Jay Wells vs Brendan Shanahan – November 29, 1987 – 2nd period – 14:09
When Brendan Shanahan’s name is mentioned, most people immediately think of his 656 goals Me? I think of the legendary story of him being 14 years old and asking Rick Vaive for an autograph but was rudely brushed away. Flash-forward four years later, Shanahan was in the NHL and fought and beat Vaive the first time they played against each other. Unfortunately for Shanahan, our Bronze medalist was a better fighter than Vaive, and had no problem proving it on that Sunday night in the Great Western Forum. This was an evenly matched scrap with both fighters standing over 6 feet and 200 lbs. Fortunately for fight fans, they didn’t waste any time trading right hooks. Wells had an uncanny ability to utilize the grapple to get his opponent’s helmet off, which always gave him an instant advantage. Shanahan fell victim to this trick, and it exposed him to a big left hand from the Ontario native. Surprisingly, the Devils looked like they were trying to jump in and end the scrap, but Shanahan is also an Ontario native and had zero intention of backing down. In the end, Wells gave him no option when he landed one more right hand that sent Shanahan to the ice. Our Bronze medalist can be seen skating to the dressing room with a gash above his right eye, but I think the judges scorecards would still give the W to Wells. The game ended 2-2 and thankfully both teams eventually retired those hideous jerseys.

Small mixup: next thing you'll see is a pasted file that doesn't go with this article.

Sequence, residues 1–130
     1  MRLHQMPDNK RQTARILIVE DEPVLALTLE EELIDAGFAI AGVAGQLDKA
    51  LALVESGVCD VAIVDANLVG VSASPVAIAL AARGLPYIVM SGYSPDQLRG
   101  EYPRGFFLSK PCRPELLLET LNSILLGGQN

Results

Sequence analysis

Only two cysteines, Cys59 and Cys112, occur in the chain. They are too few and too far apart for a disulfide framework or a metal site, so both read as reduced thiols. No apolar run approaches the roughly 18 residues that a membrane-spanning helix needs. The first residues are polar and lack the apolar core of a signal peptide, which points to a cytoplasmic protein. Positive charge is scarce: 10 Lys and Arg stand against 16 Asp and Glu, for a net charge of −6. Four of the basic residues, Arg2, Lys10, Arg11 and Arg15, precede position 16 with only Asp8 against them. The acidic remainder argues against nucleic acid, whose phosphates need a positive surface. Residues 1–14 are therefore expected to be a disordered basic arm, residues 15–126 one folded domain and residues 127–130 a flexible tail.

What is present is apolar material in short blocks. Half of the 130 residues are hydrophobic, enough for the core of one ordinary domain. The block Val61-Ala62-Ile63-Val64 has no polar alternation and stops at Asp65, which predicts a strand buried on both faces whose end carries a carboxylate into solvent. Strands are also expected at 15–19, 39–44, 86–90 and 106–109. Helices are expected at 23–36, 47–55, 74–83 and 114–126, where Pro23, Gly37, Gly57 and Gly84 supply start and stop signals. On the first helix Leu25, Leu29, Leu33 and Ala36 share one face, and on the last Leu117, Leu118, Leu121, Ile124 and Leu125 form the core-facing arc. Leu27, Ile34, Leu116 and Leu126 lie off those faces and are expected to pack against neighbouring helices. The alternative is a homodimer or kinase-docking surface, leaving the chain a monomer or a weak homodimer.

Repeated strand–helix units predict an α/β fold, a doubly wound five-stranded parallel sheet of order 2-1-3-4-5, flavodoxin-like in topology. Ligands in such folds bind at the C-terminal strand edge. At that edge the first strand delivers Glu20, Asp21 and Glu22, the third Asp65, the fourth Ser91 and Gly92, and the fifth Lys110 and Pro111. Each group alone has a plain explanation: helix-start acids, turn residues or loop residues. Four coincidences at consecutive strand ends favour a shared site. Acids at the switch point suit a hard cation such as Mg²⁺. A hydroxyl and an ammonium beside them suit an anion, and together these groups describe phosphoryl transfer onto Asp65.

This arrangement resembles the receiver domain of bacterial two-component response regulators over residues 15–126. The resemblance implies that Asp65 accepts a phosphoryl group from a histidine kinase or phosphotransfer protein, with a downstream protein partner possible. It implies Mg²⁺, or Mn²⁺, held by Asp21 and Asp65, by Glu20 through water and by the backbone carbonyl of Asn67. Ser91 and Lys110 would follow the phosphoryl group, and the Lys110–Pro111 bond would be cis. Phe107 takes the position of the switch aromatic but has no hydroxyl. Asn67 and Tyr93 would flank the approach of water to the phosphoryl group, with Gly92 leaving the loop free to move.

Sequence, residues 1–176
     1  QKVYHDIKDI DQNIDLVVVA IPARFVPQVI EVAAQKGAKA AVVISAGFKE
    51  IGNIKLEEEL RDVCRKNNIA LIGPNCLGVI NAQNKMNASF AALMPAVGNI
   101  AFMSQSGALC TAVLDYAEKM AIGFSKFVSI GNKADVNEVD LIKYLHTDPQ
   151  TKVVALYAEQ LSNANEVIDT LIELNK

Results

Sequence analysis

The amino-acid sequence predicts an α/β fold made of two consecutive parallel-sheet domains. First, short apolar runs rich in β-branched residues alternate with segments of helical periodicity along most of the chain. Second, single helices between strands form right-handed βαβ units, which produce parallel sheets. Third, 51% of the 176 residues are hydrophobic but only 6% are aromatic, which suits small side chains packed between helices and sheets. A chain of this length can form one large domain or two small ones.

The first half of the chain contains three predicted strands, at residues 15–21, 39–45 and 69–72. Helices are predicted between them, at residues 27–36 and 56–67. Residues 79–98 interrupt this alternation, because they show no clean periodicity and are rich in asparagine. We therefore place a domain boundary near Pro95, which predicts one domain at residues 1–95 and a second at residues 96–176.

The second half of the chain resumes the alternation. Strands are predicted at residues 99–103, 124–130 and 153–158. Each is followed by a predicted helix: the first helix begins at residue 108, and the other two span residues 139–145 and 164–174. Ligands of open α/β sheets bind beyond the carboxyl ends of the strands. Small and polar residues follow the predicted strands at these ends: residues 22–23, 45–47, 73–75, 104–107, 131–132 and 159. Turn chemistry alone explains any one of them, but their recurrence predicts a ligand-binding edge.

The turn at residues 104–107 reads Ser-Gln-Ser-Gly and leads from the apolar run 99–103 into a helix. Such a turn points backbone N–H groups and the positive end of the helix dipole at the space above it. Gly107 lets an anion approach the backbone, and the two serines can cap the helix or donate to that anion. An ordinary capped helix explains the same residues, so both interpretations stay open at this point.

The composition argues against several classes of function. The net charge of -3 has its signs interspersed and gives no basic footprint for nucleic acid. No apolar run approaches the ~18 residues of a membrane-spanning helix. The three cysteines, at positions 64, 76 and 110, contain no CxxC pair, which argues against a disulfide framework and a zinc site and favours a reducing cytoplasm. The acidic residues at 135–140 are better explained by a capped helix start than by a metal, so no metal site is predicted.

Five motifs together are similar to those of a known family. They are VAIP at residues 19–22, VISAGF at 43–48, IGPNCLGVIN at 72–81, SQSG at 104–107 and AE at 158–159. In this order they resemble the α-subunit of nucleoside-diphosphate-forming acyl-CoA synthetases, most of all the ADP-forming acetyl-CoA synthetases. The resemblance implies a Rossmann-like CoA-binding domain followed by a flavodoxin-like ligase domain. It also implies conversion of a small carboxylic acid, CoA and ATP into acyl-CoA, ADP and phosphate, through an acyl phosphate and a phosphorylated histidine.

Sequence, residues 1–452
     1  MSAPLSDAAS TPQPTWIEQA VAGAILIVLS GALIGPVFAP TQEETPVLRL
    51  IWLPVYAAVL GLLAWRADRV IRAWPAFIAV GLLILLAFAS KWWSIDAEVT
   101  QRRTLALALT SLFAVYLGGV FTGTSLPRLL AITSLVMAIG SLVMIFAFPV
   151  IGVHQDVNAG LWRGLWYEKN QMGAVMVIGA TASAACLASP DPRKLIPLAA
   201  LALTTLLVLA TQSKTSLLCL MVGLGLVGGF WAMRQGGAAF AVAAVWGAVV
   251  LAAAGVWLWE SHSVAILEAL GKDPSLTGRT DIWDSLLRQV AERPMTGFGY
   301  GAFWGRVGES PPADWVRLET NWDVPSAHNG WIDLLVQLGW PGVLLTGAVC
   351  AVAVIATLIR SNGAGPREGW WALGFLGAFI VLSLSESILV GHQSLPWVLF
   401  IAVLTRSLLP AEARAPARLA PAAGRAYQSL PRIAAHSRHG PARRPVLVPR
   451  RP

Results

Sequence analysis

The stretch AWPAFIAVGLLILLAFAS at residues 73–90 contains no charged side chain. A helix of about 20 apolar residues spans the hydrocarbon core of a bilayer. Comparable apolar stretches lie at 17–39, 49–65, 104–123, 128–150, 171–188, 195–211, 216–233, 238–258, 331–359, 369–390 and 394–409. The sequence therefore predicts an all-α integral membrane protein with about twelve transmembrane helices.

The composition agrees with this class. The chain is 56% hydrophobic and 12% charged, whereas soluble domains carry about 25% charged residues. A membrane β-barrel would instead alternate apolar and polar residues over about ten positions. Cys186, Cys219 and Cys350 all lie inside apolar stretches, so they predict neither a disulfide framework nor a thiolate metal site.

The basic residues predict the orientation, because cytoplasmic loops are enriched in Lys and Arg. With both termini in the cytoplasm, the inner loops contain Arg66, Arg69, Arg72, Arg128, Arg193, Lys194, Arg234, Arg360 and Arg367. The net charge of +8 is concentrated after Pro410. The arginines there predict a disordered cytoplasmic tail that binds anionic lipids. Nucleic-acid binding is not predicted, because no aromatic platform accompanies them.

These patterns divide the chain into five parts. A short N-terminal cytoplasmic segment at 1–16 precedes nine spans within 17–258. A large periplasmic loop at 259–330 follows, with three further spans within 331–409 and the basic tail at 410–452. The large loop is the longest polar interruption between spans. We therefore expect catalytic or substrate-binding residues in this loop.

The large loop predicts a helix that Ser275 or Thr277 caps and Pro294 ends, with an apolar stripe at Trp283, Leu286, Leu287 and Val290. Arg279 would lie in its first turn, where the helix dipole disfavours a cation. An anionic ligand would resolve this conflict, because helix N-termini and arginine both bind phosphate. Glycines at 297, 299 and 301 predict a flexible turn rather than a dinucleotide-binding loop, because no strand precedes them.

Jay Wells vs Nevin Markwart – October 15, 1987 – 3rd period – 19:55
It’s only fitting that on the same day the NFL Player Association ordered an end to the infamous 24-day players strike, Jay Wells channeled his inner RRRRRAAAAIIIIIIDDDDEEEEERRR, and robbed Nevin Markwart of his pride. For that night at least. The Kings defenseman needed only one big uppercut and a couple of late bombs to buckle Markwart. This fight started after Markwart put our Bronze medalist in a vulnerable position when he tripped him near the boards. That kind of play is never taken lightly, especially in the 80s. Is that why Wells felt the need to feed him a couple of extra punches when he was down? Maybe. Only Wells knows the answer to that question. The Bruins left La-La Land with a 3-2 win that Thursday night, but with a goal and a TKO, our enforcer-turned-coach did his damndest to get his team the win. It’s especially true considering he only tallied two more goals in his next 59 games that year. Wells was traded to the City of Brotherly Love for Doug Crossman before the 1988-89 season, officially marking the end of our Bronze medalist’s time in sunny California.
Silver – Warren Rychel